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The fall from heights

Acrophobia can be defined as an extreme or irrational fear of heights. About 2% to 5% of the general population seem to suffer from acrophobia. I have to admit that I do have acrophobia right from my childhood, which has ostensibly worsened in the recent years. Of late, a new-found, unnamed variant of acrophobia seems to be bothering me. I feel extremely uneasy, apprehensive and fearful when I see people working at high structures precariously. This, I presume to be an occupational hazard of witnessing grisly spinal injuries due to falls from heights.

The couple were in their early twenties and a young giggling infant was clinging on to the lady’s crumbled sari. The thin, fragile young lady listened to me with keen ears and folded hands in reverence as I talked to her. Her husband had been admitted with a spinal injury. A mason by occupation, he had sustained the injury when he tripped from the second floor of a building under construction. The injury had left him paralysed below the hip with lost sensations and incontinent bladder and bowels. Dutifully as a spine surgeon, I had fixed his dislocated spine at the earliest and an extensive rehabilitation process had helped him to be independent, but on a wheelchair.

Despite the best outcomes of surgery and rehabilitation three months down the line, they were still aggrieved that he was not able to walk independently. Despite multiple sessions of counselling, they refused to accept the sheer reality. I explained to them again the irreversible nature of the injury and our best effort was to make him independent on a wheelchair and a ‘normal’ life would not be possible anymore. His eyes welled up at the reality of not being able to pursue his previous job, and the loss of his stature as the bread winner. The humongous job of supporting the family financially and emotionally has now fallen onto the already fragile wife, who had multiple questions writ on her quivering face. “What is my husband’s mistake in this injury? He is not a drunkard who injured himself on the road. He is not a rash driver of a vehicle involved in a fatal accident. He has been a caring and responsible man who was doing his job as a mason.”

We, as spine surgeons, see such injuries frequently in our practice. Though road accidents, industrial injuries and fall from heights can all lead to spine injuries, the last one is relatively common in India. Masons, industrial workers, tree climbers and electricity board employees bear the brunt of this unique mode of injury. Often, I notice that the construction workers are the ones to be at maximum risk.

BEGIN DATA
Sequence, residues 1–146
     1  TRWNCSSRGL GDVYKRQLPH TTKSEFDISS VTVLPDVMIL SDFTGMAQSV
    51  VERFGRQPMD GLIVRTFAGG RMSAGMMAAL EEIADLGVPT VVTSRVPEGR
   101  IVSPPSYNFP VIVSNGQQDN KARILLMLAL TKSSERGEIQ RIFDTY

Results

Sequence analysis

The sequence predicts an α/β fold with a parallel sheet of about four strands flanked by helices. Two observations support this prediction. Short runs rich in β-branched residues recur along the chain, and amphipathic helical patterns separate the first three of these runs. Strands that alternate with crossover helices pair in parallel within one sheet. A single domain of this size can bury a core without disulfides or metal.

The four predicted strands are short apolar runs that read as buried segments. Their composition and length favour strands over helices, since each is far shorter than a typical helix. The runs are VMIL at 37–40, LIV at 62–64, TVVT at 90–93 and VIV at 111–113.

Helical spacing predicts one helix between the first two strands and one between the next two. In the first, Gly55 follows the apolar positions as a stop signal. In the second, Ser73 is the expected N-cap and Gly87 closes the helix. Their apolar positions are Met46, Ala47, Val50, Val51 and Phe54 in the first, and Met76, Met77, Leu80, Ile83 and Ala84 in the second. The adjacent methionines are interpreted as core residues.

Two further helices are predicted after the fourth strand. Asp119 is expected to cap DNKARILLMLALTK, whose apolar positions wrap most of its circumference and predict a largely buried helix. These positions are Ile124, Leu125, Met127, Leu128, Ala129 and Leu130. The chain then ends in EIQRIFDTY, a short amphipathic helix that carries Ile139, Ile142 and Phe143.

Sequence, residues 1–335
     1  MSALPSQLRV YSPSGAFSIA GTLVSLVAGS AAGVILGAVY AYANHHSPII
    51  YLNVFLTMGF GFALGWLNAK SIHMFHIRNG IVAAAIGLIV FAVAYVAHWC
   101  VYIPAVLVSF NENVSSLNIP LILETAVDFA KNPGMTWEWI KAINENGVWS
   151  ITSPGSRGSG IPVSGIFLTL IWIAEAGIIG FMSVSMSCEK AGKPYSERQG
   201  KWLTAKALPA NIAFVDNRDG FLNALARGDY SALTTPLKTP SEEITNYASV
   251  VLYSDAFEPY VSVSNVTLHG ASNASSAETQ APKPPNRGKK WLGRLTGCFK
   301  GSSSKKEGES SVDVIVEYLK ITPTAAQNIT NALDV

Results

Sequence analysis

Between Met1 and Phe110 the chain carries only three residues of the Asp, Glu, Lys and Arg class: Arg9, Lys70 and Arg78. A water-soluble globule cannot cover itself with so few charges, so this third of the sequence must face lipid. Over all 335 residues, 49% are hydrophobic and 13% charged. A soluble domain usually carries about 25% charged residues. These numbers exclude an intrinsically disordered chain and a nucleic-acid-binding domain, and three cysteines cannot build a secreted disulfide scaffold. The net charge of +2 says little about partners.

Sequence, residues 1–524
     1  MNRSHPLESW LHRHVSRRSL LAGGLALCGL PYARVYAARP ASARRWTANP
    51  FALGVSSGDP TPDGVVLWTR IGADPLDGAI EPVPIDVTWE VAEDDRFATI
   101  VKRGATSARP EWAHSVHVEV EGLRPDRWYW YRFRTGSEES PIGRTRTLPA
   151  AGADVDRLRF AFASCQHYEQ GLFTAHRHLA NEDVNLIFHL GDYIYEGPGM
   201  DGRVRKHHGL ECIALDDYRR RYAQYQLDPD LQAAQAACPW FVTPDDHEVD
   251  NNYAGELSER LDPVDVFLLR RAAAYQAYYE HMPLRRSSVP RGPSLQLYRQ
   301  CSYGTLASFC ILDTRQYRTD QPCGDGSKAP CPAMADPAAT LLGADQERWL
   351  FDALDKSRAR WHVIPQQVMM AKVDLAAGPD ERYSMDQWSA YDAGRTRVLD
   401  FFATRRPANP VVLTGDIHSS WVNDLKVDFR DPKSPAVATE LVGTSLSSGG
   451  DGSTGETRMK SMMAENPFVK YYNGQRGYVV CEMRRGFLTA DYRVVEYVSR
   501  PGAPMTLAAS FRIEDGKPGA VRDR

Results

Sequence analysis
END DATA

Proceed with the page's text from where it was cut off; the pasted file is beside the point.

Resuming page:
In developed nations, several protective gears are mandatory for workers working in high-rise buildings including harnesses, lanyards, protective nets, scaffolds and helmets. The existence of optimal work schedules and laws that enforce safe working environments ensure that such injuries are kept to the minimum possible. In India, on the other hand, we hardly see such safe work-zones for construction workers. Such workers have been made oblivious to the fact that they are hanging precariously between life and death, and in fact, many believe that it is an essential job skill to work without protective gear.

I could not answer any of the wife’s legitimate queries and I stood helpless. As a spine surgeon, we perform an excellent job of fixing the unstable spine and provide the best milieu for the spinal cord to recover. But he remained far less a man himself than what he was three months ago.

Although everyone talks about the rising incidence of road traffic accidents, and several measures to curb it have been promulgated at several levels, the grisly spinal injuries sustained from falls from high structures sadly has not been given its due attention. The governmental agencies and major construction firms remain unwary or turn a blind eye to their foibles. Though the immediate medical expenses are borne by these firms, the shattered family remains helpless for the rest of their lives. As the young family left the outpatient room, I remained perturbed. The same uneasiness pervades me whenever I see someone working at a height without any protection. That uneasiness is much unbearable than my conventional acrophobia.

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Printable version | Jul 27, 2021 4:08:54 AM |

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